At one time in our history, our greatness was a reflection of our country’s innovation, our determination, our ingenuity and the strength of our democratic institutions.  When there was a crisis in the world, America found a way to come together to help our allies and fight our enemies.  When there was a crisis at home, we put aside parochialism and put the greater public interest first.  And in our system, we did it through strong presidential leadership.  We did it through Reagan-like leadership.

Unfortunately, through our own domestic political conduct of late, we have failed to live up to our own tradition of exceptionalism.  Today, our role and ability to affect change has been diminished because of our own problems and our inability to effectively deal with them.

To understand this clearly, one need only look at comments from the recent meeting of the European finance ministers in Poland.  Here is what the Finance Minister of Austria had to say:

“I found it peculiar that, even though the Americans have significantly worse fundamental data than the euro zone, that they tell us what we should do.  I had expected that, when [Secretary Geithner] tells us how he sees the world, that he would listen to what we have to say.”

You see, without strong leadership at home—without our domestic house in order—we are taking ourselves out of the equation.  Over and over, we are allowing the rest of the world to set the tone without American influence.

I understand full well that succeeding at home, setting an example, is not enough.  The United States must be prepared to act.  We must be prepared to lead.  This takes resources—resources for defense, for intelligence, for homeland security, for diplomacy.  The United States will only be able to sustain a leadership position around the world if the resources are there—but the necessary resources will only be there if the foundations of the American economy are healthy.  So our economic health is a national security issue as well.

Without the authority that comes from that exceptionalism—earned American exceptionalism—we cannot do good for other countries, we cannot continue to be a beacon of hope for the world to aspire to for their future generations.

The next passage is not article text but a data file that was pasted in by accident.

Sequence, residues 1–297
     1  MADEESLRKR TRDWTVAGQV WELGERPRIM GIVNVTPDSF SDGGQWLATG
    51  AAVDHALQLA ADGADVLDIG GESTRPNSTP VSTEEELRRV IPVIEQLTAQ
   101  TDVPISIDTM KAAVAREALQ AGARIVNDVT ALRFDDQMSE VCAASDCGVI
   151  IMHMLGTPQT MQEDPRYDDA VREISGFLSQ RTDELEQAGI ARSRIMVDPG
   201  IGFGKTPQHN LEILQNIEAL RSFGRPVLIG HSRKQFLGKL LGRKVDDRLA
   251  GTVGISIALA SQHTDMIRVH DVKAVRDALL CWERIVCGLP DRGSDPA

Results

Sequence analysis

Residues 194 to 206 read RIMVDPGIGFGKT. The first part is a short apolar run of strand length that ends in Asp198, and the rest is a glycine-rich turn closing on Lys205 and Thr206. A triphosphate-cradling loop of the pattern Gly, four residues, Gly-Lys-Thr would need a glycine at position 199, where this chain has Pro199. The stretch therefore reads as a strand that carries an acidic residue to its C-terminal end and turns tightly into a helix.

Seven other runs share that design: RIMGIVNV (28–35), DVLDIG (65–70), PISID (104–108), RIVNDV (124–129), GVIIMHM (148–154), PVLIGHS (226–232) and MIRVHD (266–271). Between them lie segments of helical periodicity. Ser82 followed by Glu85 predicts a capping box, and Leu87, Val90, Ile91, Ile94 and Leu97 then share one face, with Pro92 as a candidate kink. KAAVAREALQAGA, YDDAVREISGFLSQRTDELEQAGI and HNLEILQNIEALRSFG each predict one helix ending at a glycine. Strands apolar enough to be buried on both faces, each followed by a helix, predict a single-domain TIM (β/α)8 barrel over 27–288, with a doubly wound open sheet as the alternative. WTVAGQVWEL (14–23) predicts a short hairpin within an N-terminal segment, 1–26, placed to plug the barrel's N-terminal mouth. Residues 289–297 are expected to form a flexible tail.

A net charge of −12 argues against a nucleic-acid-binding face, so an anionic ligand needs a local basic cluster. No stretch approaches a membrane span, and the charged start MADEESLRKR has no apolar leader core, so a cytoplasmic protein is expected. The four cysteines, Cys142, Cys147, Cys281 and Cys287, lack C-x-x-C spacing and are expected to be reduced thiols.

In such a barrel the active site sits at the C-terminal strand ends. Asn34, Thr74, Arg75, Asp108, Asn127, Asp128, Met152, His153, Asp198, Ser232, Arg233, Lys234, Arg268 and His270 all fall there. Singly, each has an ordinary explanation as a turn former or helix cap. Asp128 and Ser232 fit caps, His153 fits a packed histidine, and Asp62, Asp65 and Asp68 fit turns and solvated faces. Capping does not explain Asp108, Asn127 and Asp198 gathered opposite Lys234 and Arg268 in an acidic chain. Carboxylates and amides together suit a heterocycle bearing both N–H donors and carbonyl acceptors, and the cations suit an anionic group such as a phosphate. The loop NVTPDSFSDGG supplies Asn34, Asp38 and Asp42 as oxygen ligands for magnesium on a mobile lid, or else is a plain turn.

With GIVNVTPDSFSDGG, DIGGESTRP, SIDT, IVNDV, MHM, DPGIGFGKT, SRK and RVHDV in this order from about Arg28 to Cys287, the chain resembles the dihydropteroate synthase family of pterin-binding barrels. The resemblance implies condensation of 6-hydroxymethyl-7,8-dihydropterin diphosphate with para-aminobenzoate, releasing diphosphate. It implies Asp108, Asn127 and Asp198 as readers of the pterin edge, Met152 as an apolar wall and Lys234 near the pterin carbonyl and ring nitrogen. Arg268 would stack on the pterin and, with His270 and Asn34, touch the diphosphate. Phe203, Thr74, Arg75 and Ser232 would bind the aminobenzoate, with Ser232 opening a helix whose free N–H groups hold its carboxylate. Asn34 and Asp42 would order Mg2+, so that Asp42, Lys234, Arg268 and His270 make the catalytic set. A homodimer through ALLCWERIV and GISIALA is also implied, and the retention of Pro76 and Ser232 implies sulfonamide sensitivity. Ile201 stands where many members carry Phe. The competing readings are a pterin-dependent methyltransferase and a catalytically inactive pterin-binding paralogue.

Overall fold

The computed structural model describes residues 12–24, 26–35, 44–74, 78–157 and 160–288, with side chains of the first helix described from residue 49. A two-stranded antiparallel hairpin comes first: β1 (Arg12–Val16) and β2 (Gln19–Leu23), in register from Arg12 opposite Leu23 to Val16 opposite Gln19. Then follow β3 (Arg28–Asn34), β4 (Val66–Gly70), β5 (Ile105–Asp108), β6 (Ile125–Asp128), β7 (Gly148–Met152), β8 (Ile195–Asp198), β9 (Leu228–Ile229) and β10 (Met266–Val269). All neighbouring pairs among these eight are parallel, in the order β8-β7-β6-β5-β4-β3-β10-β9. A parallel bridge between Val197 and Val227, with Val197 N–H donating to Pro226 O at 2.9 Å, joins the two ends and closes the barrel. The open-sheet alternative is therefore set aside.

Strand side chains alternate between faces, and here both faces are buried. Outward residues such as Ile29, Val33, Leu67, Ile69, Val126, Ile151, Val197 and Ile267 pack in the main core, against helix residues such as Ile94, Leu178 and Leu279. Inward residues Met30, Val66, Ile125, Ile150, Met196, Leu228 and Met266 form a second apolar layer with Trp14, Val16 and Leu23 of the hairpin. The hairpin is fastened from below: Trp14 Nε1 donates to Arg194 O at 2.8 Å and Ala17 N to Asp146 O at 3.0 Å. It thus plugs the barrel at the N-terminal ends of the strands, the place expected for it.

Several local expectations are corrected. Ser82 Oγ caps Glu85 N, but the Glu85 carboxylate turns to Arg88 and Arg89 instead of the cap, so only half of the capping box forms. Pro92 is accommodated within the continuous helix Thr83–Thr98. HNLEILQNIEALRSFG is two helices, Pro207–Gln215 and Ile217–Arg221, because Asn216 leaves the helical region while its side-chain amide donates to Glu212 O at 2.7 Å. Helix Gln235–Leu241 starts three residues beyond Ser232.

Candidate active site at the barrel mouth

If Ronald Reagan faced today’s challenges we know what he would do.  He would face our domestic problems directly, with leadership and without political calculation.

We would take an honest and tough approach to solving our long-term debt and deficit problem through reforming our entitlement programs and our tax code.

We would confront our unemployment crisis by giving certainty to business about our tax and regulatory future.

We would unleash American entrepreneurship through long-term tax reform, not short-term tax gimmickry.

And we would reform our K-12 education system by applying free market reform principles to education—rewarding outstanding teachers; demanding accountability from everyone in the system; increasing competition through choice and charters; and making the American free public education system once again the envy of the world.

The guiding principle should be simple and powerful—the educational interests of children must always be put ahead of the comfort of the status quo for adults.

The United States must also become more discriminating in what we try to accomplish abroad. We certainly cannot force others to adopt our principles through coercion.  Local realities count; we cannot have forced makeovers of other societies in our image.  We need to limit ourselves overseas to what is in our national interest so that we can rebuild the foundations of American power here at home – foundations that need to be rebuilt in part so that we can sustain a leadership role in the world for decades to come.